Catholic Transcript Magazine of the Roman Catholic Archdiocese of Hartford Connecticut

Sunday, June 24, 2018

MsgrLiptak_TNThe world changed suddenly on 1 Sept. 1939. Like 7 Dec. 1941, it is a "date that will live in infamy," seared permanently in the memory of anyone aware of the world then. At 4:30 a.m., Adolf Hitler’s Luftwaffe destroyed all the major airfields in Poland, while a German battleship, then on a "visit" to Danzig, opened fire on Polish defenses, and the dread Wehrmacht trampled over the Polish border. By 27 Sept., Warsaw fell; by 1 Oct., the last Polish defense crumbled. World War II had begun.

I recall exactly where I was on 1 Sept. 1939, when I first read the news. I was still on my grandmother’s dairy farm; in a few days I would be back in Bridgeport, ready to resume grade school on Bridgeport’s East Side, not too far from Beardsley Park. Earlier in 1937, the Hindenburg Zeppelin, a symbol of increasing Nazi power, had passed directly over Bridgeport and St. Charles School; we could see it from the classroom. Shortly afterward, on 6 May, it had exploded in flames at Lakehurst, N.J. (Somewhere I have a recording of the unforgettable newscast of the event.)

The Hindenburg’s flaming end – a tragedy of immense proportions – presaged the horrors which the Nazis and the Soviets and the warlords of Japan would shortly thrust upon the entire world. And it also was mysteriously prophetic of how the destructive forces of evil would end in a real Götterdämmerung for the Third Reich and Japan’s war machine.

Before Pearl Harbor (7 Dec. 1941), one of my next-door neighbors enlisted in the army and was quickly posted to the Far East. He was my senior by about six years; his brother, who later entered the navy, was my age. The family had emigrated from Germany before World War II. When Corregidor fell to the Japanese, he disappeared while on the infamous "death march." Although I was still a youngster, I was deeply moved by his death and continue to recall him in my prayers.

Eighth grade and public high school were not what we had earlier envisioned. There was no time to waste; we all had to grow up quickly. Men who turned 18 years of age in high school were subject to the draft; several of my classmates were in uniform before graduation. Monday mornings found most of us in the nearby "Y" pool for required pre-induction swimming class.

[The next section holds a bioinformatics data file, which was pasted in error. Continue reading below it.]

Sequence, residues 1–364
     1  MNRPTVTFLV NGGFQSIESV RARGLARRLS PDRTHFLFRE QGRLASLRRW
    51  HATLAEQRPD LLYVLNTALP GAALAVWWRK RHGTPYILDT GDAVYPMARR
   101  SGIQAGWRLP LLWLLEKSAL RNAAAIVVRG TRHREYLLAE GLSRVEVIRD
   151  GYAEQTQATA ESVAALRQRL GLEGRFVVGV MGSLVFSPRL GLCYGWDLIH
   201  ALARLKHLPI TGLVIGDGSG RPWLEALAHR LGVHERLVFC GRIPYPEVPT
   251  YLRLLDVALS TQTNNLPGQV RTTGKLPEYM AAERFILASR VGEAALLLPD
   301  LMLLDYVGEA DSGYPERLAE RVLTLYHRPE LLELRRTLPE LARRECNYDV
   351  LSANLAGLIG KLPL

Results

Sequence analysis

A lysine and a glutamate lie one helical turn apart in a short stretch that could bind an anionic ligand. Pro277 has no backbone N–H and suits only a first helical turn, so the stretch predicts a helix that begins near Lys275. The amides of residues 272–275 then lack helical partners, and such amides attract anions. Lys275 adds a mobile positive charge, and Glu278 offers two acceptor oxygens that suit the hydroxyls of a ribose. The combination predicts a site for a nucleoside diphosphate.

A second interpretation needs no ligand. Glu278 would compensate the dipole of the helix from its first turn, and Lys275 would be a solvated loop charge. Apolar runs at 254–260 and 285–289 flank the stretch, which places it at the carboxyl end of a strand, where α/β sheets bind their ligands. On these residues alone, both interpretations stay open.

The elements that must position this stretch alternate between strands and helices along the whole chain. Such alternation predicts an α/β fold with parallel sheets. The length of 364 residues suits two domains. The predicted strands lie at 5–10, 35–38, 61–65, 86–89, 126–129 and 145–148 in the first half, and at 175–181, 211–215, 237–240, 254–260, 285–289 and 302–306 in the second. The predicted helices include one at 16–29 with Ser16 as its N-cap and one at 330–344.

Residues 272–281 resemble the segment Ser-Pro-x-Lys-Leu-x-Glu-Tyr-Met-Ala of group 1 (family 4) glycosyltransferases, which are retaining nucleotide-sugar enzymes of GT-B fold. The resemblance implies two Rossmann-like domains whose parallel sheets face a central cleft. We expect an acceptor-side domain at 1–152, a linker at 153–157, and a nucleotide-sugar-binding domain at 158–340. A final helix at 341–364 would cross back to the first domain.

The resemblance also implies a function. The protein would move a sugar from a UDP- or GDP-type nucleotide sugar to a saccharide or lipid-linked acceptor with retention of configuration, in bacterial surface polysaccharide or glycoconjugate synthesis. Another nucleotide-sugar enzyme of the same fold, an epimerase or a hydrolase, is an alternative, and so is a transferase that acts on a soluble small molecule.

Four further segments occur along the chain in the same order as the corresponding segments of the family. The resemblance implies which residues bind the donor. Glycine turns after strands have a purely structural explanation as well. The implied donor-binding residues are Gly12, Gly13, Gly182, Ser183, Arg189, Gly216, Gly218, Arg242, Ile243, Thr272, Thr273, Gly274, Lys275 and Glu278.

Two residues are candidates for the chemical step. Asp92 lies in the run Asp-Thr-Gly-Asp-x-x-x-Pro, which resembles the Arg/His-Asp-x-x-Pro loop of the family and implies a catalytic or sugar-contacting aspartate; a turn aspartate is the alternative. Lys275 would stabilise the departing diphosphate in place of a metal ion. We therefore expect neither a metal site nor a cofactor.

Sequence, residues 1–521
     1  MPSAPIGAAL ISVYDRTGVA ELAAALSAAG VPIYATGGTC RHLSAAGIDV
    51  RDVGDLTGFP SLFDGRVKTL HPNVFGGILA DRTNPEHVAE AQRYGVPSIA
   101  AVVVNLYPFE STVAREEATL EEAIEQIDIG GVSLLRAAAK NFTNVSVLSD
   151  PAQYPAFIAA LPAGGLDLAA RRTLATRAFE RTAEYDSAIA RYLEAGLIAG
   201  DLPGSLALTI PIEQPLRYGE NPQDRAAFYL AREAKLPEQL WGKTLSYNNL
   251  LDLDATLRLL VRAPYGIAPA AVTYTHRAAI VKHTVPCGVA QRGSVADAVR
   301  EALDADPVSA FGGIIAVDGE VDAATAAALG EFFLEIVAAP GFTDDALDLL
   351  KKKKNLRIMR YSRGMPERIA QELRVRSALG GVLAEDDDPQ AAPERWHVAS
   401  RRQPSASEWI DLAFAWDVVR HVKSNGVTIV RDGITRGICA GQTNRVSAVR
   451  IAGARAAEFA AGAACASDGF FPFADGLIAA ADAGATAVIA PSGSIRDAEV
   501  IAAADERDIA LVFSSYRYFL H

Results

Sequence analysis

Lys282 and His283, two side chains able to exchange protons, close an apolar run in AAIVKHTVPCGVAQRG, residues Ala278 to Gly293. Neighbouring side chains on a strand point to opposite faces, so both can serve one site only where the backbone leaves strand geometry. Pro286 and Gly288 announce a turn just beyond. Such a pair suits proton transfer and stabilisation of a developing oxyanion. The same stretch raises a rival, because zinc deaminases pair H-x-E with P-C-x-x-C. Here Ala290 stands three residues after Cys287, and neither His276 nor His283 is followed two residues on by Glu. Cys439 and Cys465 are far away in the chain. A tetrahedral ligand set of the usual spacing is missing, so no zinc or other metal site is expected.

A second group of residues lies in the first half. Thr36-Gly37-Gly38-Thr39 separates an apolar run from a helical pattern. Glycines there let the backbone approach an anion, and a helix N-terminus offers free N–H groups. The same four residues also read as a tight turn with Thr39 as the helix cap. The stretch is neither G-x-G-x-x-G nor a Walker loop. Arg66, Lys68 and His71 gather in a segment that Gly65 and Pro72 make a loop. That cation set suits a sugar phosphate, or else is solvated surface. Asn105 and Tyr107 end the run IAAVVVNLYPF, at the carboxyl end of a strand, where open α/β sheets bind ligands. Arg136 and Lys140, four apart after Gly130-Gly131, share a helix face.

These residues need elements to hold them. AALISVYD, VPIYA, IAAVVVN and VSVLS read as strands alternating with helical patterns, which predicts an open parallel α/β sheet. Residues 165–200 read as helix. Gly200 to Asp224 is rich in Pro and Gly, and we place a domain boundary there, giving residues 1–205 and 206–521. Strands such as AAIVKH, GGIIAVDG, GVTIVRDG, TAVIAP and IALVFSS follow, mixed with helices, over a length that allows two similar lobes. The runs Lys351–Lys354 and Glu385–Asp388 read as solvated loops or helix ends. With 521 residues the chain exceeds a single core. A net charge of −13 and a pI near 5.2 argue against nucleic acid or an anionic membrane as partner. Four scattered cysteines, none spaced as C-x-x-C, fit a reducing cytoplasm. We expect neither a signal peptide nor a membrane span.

The whole country was affected, of course. There was rationing: leather shoes, sugar, butter, food in general, gasoline, fuel oil, etc. Very few new cars were available, and then often without heaters or radios. Rubber tires were scarce.

Those who were too young or unable to go to war served on the home front. I was designated a junior air raid warden – those of us who were Senior and Explorer Boy Scouts were among the first assigned. As a freshman in high school, I joined an adult public speaking panel; we gave talks on radio and in movie theatres about the need to purchase War Bonds. (Unbelievably, I would take the stage between features, deliver a seven-minute talk on bonds, then call for a collection before the lights went low and the curtain opened again. I doubt whether anyone could do the same today.)

Through the War, faith and prayer remained a priority, unabashedly so. As president of my home room, I began every day by reading from the Psalms and leading others in the Our Father. As Assembly Leader, I inaugurated every assembly of the student body (about 1,500) with prayer. No one complained. The G.I.’s asked for prayer and were appreciative.

On the radio and on the juke- boxes, faith and prayer were prominent. Songs like "Coming in on a Wing and a Prayer," axioms like "There are no atheists in foxholes," echoed in restaurants, bars and arcades. Churches were crowded; Christmas was openly celebrated as a religious event, with a Christmas tree and crèche and caroling and the Mass. And Thanksgiving Day was chiefly a time for thanking God for what our Wartime President termed the "Four Freedoms": Freedom of Speech; Freedom of Religion; Freedom from Want; and Freedom from Fear.

I kept a diary during much of the War, and recorded my thoughts as the close of hostilities approached; first in Europe, then in the Pacific theatre. Then as now, I hold our G.I.’s in the highest regard; youngsters, hardly out of high school, were flying over Fortress Europa in B-17’s and B-25’s; others were in foxholes in the Pacific or on the decks of carriers, bravely enduring kamikaze raids. Someday, I thought, I might have to be out there with them, those courageous men. And it could have happened had not the War in Europe ended shortly before our graduation from high school – an event which we all celebrated with prayer and thanksgiving. Not too long afterward, the War in the Pacific was over.

Msgr. David Q. Liptak is Executive Editor of  The Catholic Transcript and censor librorum for the Archdiocese of Hartford.